To mark their 30th year, Tasmania’s Wooden Boat Centre has focussed its students on the construction of a signature project to celebrate the history of wooden boat building in Tasmania and the role they have played in recent times.

The classic design of the Franklin 29’ met the criteria for a suitable vessel to provide students with the training platform that embodied both traditional and modern construction techniques, at the same time showcasing hand-built, high quality construction methods required to get the best from Tasmanian timbers such as Huon Pine, Celery Top and Jarrah.

The Franklin 29’ design has been inspired by the work of well known British designer Andrew Wolstenholme and his renowned Bristol 27’. This proven design has been adapted and increased in size to suit Tasmanian conditions. The result is a semi-displacement vessel able to cruise at 18 knots, to reach a picnic spot or harbourside coffee shop quickly, with the capacity to handle all conditions.

The Franklin 29’ is true to the Wooden Boat School’s heritage with her classic looks and ‘craftsman finish’ which set her apart from the modern fibreglass vessels that dominate today’s market. She is a totally unique cruiser for the most discerning buyer.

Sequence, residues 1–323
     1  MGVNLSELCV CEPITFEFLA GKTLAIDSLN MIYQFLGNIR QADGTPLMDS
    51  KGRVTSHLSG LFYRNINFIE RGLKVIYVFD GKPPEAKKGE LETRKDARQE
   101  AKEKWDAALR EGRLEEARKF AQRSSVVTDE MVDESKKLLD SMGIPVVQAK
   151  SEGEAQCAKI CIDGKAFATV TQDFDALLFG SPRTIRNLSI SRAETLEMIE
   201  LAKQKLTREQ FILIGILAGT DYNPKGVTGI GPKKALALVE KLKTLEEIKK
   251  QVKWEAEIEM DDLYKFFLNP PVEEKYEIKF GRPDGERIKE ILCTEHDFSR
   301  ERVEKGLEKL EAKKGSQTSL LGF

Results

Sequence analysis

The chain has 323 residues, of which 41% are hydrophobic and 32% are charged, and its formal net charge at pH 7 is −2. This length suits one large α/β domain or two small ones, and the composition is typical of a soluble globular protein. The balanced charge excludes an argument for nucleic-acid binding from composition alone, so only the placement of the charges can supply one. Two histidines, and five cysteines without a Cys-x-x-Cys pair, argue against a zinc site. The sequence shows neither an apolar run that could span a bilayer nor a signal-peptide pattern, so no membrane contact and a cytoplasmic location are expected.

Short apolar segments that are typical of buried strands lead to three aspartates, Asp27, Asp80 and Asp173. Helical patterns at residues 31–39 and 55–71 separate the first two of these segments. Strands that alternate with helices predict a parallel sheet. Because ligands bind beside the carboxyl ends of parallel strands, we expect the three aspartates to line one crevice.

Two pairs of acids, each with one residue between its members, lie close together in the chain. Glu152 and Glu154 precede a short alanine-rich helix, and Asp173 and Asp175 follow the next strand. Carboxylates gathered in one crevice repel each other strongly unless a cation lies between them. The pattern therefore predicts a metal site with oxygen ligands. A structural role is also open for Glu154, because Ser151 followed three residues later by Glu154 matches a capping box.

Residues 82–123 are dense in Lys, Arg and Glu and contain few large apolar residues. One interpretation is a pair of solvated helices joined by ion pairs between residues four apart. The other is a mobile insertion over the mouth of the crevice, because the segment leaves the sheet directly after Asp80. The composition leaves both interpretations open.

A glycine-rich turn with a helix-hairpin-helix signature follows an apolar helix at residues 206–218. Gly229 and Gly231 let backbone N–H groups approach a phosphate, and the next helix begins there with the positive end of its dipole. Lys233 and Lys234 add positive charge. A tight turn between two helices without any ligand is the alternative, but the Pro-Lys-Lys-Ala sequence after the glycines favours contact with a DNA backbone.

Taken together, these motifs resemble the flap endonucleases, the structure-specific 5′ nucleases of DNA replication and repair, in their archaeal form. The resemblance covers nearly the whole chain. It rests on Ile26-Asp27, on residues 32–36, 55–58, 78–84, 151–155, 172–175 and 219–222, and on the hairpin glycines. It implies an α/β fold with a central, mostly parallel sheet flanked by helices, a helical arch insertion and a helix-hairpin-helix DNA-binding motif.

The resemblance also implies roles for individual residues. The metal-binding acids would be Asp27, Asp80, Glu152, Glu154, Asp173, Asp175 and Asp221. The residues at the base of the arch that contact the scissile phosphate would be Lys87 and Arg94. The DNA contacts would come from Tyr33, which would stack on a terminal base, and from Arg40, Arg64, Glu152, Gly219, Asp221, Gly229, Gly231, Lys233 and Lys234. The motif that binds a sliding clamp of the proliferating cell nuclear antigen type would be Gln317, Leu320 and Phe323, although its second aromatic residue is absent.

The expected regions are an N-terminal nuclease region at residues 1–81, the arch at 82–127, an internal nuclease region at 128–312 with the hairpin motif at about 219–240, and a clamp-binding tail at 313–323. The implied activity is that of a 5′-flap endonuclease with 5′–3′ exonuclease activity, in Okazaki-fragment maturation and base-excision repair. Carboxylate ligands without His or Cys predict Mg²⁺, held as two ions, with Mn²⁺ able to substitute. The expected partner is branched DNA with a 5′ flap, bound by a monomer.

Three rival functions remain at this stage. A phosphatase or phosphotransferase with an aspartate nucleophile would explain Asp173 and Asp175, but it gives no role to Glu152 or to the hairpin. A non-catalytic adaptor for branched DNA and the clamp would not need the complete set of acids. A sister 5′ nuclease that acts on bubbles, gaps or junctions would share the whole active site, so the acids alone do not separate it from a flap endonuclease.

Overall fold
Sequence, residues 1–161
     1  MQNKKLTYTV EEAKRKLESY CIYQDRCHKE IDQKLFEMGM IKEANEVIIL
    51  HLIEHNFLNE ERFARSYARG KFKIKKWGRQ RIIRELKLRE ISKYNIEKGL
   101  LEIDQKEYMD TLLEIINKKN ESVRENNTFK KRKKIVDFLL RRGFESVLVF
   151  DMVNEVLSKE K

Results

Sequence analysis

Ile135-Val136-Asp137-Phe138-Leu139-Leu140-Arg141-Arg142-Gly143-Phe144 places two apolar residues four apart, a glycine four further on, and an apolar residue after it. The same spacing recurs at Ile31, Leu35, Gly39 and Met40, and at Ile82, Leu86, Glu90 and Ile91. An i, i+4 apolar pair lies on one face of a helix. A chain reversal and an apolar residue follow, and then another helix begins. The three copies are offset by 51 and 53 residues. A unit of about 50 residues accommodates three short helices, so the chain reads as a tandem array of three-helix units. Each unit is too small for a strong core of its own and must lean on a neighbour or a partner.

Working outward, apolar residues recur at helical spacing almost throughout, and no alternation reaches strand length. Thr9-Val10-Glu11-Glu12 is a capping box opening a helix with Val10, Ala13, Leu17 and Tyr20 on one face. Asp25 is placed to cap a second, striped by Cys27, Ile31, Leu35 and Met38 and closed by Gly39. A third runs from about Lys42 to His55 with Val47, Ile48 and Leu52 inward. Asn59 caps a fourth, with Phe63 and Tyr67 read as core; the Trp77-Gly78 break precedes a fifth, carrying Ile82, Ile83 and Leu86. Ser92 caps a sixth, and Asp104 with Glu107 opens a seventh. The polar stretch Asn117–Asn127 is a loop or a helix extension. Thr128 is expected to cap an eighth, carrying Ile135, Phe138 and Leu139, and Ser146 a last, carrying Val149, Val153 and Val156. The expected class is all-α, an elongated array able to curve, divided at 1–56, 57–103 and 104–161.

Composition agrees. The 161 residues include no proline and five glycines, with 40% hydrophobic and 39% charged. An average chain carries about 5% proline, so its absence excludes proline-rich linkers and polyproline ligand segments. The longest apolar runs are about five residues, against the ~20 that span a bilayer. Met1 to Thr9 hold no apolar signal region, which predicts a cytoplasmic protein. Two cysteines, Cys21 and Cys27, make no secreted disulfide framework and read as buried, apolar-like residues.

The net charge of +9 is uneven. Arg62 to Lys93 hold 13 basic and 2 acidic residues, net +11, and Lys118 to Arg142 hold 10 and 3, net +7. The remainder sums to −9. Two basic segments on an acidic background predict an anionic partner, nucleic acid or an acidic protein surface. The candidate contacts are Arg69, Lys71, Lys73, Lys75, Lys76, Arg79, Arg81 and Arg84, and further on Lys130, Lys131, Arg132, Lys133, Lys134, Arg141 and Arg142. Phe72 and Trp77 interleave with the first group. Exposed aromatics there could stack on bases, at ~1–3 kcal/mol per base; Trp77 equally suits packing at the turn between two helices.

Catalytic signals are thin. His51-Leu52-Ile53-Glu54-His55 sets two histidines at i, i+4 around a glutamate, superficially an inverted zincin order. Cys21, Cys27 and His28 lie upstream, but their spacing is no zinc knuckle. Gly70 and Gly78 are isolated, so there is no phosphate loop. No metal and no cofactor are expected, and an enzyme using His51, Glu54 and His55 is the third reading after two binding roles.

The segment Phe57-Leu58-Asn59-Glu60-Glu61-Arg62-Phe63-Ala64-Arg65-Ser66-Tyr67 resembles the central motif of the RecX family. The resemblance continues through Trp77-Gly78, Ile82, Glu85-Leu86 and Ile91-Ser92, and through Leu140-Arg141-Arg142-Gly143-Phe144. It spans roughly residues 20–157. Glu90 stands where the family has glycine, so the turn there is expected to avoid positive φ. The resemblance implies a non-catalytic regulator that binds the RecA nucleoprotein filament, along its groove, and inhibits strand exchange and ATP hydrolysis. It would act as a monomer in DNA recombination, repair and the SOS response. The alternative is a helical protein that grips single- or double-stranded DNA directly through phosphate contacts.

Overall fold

The construction and component inventory of the Franklin 29’ illustrates the skilful selection of materials and equipment that makes this vessel so unique – a classic example of quality craftsmanship. At this pre launch stage a purchaser can have some say in the final selection of items such as upholstery, whether a soft top or solid roof, etc.

The Franklin 29’ is a hand crafted timber cruiser for the discerning owner. When artisans build a cruiser of proven design using only the best hand picked Tasmanian timbers, you have all the makings of a priceless classic.

If you are genuine wooden boat enthusiast looking for a very special one-off investment, email Jeff on: at the WBC for a detailed presentation.